5 Rules For Successful Wine Blogging

WBAThe finalists in 9 categories of the 2012 Wine Blog Awards were announced today. If you examine them all, it's hard to not to be impressed with the quality. And it's hard not conclude that the blog publishing platform has delivered to the wine category a collection of voices that likely would have been silent and unknown just 10 years ago.

I've been helping the organizers of the Awards this year with a bit of marketing, PR and such. And the process led me think hard about what makes for a successful wine blog. I'm not sure there is a formula that can be easily followed. But I do believe that certain, specific practices that if employed are far more likely to result in a successful wine blog.

For those considernig launching a new wine blog, I submit the following.

1. Be Attractive and Easy To Navigate
Basically, don't make your potential readers work. Design your blog so that your latest posts are easy to access, you own profile info is easily accessible and access to categories of posts are easy to find. And make it easy on the eyes. I know my own blog doesn't necessarily follow this last rule, but it's a good rule nonetheless.

2. Post Frequently
Whatever aspect of wine and the wine drinking experience you choose to write about, do so frequently. Daily is best. Three-four posts per week is good. Frequent posting brings back readers. Frequent posting makes your blog more relevant. Frequent posting forces you to think more deeply about the topic you love because you must move beyond the more obvious subjects that, with frequent posting, will get covered quickly. Thinking more deeply is good!

3. Generously Cite Sources
If you refer to an article, a person, a subject matter, another blog…link to it. It's a courtesy to your readers, but it's also how you provide the appropriate background to what you are writing about. The sources and your readers will thank you.

4. Publicize Your Blog
I cite this rule with the assumption you want people to read what you have written. Use social media. Use email. Link to your blog in every digital tool you use. Consider a press release that goes to local media. Ask other bloggers to link to your site. Never post a comment on another blog without inserting your blog's URL in the signature. Inform wine news aggregation sites of your existence. And do all this regularly.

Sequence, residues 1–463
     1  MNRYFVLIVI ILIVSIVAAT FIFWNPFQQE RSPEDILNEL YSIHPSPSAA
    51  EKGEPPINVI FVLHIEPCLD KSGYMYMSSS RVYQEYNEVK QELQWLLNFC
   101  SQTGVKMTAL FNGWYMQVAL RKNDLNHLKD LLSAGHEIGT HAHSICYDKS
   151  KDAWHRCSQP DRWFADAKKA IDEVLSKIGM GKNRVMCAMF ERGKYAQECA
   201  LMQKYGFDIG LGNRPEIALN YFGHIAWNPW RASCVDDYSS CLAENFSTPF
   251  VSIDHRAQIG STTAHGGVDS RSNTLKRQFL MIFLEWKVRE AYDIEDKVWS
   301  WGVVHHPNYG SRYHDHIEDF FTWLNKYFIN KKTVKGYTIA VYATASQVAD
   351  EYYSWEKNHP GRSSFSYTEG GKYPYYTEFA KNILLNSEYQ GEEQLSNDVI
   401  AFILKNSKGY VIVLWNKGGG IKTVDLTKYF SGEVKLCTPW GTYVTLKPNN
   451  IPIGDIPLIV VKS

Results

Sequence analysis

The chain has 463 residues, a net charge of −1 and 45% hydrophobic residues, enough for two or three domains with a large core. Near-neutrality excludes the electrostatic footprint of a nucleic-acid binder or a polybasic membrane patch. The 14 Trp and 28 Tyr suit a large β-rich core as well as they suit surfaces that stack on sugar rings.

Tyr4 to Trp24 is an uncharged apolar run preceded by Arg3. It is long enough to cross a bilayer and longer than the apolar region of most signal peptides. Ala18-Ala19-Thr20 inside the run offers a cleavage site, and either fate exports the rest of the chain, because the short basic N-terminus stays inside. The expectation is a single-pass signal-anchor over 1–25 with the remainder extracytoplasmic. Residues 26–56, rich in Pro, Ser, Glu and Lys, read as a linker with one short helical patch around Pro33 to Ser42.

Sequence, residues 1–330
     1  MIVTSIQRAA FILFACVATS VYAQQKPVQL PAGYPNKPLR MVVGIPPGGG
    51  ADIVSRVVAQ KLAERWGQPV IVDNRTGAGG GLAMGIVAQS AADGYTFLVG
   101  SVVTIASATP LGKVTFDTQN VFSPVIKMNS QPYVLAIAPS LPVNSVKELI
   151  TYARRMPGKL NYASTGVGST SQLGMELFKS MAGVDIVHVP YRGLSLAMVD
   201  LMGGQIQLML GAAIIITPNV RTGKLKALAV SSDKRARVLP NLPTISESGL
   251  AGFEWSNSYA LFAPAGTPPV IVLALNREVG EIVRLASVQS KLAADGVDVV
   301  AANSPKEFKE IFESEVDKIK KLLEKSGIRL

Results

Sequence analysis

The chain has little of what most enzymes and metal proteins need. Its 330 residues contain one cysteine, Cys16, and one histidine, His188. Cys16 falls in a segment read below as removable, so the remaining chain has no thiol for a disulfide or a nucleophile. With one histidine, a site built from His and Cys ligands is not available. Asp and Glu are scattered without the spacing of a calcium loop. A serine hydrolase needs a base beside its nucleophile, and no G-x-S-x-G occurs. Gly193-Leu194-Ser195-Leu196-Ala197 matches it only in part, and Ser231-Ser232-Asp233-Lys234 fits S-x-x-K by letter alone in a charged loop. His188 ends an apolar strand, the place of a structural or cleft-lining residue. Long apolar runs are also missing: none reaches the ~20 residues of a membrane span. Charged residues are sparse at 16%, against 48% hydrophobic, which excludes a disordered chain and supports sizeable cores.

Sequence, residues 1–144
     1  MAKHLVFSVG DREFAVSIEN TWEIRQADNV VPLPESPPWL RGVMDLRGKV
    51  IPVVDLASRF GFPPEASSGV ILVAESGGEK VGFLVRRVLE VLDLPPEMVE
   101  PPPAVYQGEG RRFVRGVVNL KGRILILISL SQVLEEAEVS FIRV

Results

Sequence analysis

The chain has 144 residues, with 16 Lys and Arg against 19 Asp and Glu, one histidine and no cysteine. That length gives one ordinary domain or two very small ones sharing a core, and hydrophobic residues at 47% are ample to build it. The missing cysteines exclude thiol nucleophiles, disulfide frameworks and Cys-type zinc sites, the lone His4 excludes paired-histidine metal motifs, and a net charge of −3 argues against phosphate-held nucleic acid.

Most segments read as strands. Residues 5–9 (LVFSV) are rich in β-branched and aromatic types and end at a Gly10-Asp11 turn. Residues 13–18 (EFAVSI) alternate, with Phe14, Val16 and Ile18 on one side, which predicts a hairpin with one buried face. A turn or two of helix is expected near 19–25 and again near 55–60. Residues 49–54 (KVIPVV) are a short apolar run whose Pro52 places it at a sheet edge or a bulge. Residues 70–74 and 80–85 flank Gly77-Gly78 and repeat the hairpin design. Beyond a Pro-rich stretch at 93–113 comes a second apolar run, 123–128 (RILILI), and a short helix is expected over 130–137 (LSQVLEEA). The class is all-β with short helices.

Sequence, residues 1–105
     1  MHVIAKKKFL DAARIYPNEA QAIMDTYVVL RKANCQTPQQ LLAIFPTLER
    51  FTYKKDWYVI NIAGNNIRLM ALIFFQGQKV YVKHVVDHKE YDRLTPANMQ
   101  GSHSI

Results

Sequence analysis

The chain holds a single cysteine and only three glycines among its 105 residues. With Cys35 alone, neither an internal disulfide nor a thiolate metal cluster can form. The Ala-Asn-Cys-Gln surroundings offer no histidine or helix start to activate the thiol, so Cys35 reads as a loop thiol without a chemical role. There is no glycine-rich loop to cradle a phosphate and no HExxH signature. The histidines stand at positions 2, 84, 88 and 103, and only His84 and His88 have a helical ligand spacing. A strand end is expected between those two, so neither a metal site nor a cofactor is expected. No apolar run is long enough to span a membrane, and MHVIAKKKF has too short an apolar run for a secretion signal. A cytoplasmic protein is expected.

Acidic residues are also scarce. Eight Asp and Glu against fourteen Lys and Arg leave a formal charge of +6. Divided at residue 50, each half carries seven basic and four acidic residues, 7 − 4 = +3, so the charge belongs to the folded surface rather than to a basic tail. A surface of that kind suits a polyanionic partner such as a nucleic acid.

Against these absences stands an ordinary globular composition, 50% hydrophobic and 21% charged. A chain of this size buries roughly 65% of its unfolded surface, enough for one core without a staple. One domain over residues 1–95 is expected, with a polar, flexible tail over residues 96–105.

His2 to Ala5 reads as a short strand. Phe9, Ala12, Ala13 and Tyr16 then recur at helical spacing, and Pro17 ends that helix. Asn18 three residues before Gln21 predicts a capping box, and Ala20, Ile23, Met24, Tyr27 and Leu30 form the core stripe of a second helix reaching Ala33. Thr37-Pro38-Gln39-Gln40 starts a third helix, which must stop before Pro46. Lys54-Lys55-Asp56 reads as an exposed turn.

5. Write Something Original–Regularly
This, I think is critical. Don't be afraid to deliver your own unique opinion in your blog, even if it is not the usual take on a subject. Be original. Try to find that slice of a subject that has not been covered. Bring a new analytic perspective to those topics that may be covered regularly. If you don't, folks will notice pretty quickly that they've already read your post, just not on your blog, and will move on.

As I look through the various blogs that have been named finalists in the 2012 Wine Blog Awards, I notice that nearly all of them adhere to these rules. And they are the wine blogging rules I try to adhere to with FERMENTATION. I don't think successful, good, relevant wine blogging is brain surgery. I think it's a matter of commitment. And I think it's a matter of understanding the basics of communicating in an age of Opinion Broadcasting. 


3 Responses

  1. Lara Chapman - July 19, 2012

    Great tips! I started a wine blog a few weeks ago… honestly I had no idea the wine blog industry was this interesting. Unfortunately, I never checked out wine blogs until I started one (my bad), but now I’m a new and frequent reader of many. Most are good, some great, a few… stellar.

  2. Veronica - July 22, 2012

    Hi Tom, I’ve been following quite a few wine blogs for a while, and I’ve recently started a new wine blog (well, not fully started), designed for wine beginners, do you think some easy-to-read wine blog has a chance to get into the award? Or the wine blog awards are mainly for sophisticated blogs?

  3. Odd Bacchus - July 24, 2012

    Smart rules indeed. I especially agree with #5 – there are a lot of people writing about wine, and it’s important to stand out.
    But posting daily? That seems like a tall order, and I think potentially counterproductive to #5. I would rather read well-considered, carefully written posts twice a week than slapdash, hastily sribbled posts daily. Which is not to say that it’s not possible to post well-written pieces daily. Just less likely.


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